Volume 7, Number 1 (January 2010)
Author: Paul O’Mahoney
The subject of nihilism is not a simple one, for a number of reasons. In part, this has to do with the varied ways in which one might approach it, and the corollary questions that arise as soon as one raises the “question” of nihilism. One might ask, for example: What does nihilism entail? Is it a coherent philosophical position, or does it really describe an attitude, a habit of character, as we would say a particular person is marked by cynicism? Does nihilism have political relevance? Is it possible to be a nihilist today, and if so, is it possible to be a nihilist in the same way as it was in the late nineteenth century, when the term was a subject of contemporary political and philosophical enquiry? The question is generally treated not in isolation, but in relation to another idea or thinker. In the former case, an idea or a doctrine is usually said to be “nihilistic” if it appears in some way sceptical about the values and methods of the tradition of enlightenment humanism. Baudrillard’s thought is habitually described as nihilistic in precisely this sense, but so, frequently, is the thought of Rorty, and in some quarters, that of Foucault or Derrida. If the question of the defining character of “nihilism” is raised, this tends to be as a historical question. There is an implicit assumption here that, whereas one can be branded a nihilist by another, one could not really, except in a provocative fashion, proclaim oneself a nihilist.
Naturally this is largely the legacy of Nietzsche. The question cannot be raised in a philosophical context – and there is scarcely another context in which it could be raised – without occasioning some engagement with his thought. In fact the term “nihilism” might have become purely a historical matter had it not, in an abstract sense, become a recurring subject of Nietzsche’s enquiries. Nietzsche raised the question of nihilism both as a personal problem and in terms of the history and destiny of Western thought and Western civilisation. His analysis then had both an historical and a trans-historical dimension. On the one hand, nihilism in various forms is a diagnosable phenomenon in Western thought, and on the other, it is an abstract problem that goes to the heart of the human condition. Today the question inevitably has an historical dimension because it cannot be entirely extricated from Nietzsche’s writing – to speak of nihilism without speaking of Nietzsche would seem like a perverse game; it would create an absence so conspicuous as to be an abyss into which one’s speech would be swallowed. Still, it is precisely Nietzsche who has encouraged the analysis of nihilism as a condition irreducible to, even if not unrelated to, the malaises of a particular historical epoch.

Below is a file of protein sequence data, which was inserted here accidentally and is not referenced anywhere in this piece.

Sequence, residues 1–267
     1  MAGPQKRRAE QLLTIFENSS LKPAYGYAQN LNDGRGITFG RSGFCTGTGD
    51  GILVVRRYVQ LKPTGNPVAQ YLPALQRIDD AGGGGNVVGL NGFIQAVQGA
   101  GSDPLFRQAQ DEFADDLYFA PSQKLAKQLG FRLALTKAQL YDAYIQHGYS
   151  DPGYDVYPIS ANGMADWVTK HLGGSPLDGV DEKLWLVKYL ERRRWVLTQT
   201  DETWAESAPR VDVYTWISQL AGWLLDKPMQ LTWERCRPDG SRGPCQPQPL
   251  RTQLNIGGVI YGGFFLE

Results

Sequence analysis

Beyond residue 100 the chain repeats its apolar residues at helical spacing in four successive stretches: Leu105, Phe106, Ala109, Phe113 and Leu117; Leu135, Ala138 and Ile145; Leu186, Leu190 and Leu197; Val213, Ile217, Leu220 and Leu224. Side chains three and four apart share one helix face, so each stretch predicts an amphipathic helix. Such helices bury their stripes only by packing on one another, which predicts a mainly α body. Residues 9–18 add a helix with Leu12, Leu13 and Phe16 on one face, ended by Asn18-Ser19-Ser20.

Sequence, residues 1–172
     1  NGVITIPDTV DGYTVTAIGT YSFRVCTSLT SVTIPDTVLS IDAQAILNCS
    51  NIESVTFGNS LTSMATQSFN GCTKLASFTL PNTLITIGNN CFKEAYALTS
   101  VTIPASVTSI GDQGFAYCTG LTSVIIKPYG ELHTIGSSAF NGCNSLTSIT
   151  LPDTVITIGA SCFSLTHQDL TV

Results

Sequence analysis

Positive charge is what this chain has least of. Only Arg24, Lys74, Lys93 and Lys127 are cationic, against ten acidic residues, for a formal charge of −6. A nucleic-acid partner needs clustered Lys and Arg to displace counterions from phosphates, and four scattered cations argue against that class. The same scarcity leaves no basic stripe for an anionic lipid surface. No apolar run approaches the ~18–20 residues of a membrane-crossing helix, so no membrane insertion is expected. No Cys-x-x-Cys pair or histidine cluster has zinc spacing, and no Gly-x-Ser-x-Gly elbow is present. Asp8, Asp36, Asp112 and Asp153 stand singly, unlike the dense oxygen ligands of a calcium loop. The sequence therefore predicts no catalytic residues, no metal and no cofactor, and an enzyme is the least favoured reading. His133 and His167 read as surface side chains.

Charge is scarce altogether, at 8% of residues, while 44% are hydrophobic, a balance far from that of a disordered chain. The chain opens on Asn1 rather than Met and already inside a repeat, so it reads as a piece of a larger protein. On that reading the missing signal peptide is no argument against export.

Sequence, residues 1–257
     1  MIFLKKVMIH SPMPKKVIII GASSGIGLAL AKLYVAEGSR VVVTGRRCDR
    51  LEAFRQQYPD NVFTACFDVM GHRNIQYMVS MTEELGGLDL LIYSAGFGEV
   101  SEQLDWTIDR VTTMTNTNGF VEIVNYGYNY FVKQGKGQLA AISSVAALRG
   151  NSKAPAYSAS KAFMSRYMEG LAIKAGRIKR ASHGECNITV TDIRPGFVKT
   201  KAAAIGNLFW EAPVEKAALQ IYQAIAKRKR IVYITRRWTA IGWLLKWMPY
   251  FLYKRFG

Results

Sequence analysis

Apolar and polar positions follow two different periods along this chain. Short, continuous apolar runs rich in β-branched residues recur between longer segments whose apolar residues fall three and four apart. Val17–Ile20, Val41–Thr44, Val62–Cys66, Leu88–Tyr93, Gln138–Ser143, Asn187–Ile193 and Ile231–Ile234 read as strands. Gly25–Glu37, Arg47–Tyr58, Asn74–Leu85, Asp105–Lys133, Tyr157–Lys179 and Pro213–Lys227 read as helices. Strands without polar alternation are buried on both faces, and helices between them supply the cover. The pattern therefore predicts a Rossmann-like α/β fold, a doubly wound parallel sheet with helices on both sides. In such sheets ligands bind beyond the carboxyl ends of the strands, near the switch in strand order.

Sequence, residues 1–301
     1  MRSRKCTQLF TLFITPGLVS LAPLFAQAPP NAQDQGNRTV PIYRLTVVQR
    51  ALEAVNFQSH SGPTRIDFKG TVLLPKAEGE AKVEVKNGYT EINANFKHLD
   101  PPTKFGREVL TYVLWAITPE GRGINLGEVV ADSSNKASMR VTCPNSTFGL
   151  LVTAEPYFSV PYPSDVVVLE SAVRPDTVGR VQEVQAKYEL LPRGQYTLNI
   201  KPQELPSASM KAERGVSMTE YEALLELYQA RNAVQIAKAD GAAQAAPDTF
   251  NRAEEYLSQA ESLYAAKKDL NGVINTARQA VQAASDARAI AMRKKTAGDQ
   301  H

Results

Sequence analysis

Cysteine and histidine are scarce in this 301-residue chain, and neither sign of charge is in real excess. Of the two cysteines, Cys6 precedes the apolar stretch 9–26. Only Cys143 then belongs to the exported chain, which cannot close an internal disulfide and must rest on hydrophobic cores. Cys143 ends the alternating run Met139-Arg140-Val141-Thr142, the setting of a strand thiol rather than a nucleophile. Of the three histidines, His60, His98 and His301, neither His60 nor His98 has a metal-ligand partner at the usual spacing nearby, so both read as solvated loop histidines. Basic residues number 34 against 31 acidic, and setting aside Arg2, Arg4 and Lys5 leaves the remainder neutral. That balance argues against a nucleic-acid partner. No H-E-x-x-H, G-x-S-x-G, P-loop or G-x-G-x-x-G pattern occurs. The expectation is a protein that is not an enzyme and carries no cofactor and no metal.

Baudrillard has acknowledged his debt to Nietzsche rather emphatically, as an “ingrained memory” more than a reference: “Nietzsche is…the author beneath whose broad shadow I moved, though involuntarily, and without even really knowing I was doing so” (Baudrillard 2004:2). Having read all of Nietzsche very young, so Baudrillard insists, he afterward dropped him, retaining, we could say, the spirit rather than the letter of his thought – an appropriate kind of apostleship, all things considered (cf. 2 Cor. 3:6). Baudrillard compares the place of Nietzsche in his thought to that of Brecht: “…Brecht, like Nietzsche, became part of my practice. I will never read them again, but their influence remains with me in other ways. Their effectivity is like a watermark” (Gane, 1993:180, cp. 21). Quite apart from his scattered presence by reference in Baudrillard’s work, we can gauge the lasting influence of Brecht from the surface observation that one of Baudrillard’s first published texts was a translation of Brecht’s Dialogues d’Exiles (Flüchtlingsgespräche, usually translated in English as Refugee Conversations), and one of his final texts was the series of conversations with Enrique Valiente Noailles published as Les Exilés du Dialogue (Exiles from Dialogue). This is certainly an example of fidelity to one’s early thoughts and youthful infatuations (cf. Baudrillard 2004:103); Nietzsche is similarly “annagramatized” through Baudrillard’s work (Ibid.:6), remaining as a memory he describes not only as ingrained, but as “visceral” and “aphoristic,” and as an “untimely” presence (Ibid.:1-2).